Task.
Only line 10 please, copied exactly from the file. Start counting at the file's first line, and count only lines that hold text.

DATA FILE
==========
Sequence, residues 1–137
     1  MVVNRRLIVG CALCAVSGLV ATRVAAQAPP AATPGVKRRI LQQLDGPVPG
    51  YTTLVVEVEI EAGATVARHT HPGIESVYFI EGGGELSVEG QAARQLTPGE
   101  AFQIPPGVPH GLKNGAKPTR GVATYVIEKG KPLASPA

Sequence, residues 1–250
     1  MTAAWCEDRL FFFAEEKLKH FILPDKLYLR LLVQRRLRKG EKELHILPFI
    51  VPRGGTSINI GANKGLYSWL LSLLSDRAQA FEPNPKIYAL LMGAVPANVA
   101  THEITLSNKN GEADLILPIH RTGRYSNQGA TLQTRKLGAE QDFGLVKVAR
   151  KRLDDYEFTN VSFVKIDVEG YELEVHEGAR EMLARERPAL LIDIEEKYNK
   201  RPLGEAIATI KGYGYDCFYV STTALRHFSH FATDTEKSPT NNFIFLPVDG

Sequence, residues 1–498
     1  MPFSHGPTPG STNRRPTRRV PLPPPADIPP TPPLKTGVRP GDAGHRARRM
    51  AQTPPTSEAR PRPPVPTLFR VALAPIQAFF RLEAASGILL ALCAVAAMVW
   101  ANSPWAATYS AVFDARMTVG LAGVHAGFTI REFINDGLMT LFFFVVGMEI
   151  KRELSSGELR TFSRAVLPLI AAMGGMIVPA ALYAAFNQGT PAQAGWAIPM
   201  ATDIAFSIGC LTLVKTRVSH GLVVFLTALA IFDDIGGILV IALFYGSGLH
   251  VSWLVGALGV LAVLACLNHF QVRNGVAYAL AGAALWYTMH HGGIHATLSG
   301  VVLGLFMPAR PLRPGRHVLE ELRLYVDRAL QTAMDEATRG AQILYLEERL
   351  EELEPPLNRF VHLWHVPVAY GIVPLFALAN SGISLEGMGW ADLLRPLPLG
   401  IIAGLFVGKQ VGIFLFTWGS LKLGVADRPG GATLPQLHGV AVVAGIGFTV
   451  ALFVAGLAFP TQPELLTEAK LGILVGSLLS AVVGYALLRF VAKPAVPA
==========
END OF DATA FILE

   201  RPLGEAIATI KGYGYDCFYV STTALRHFSH FATDTEKSPT NNFIFLPVDG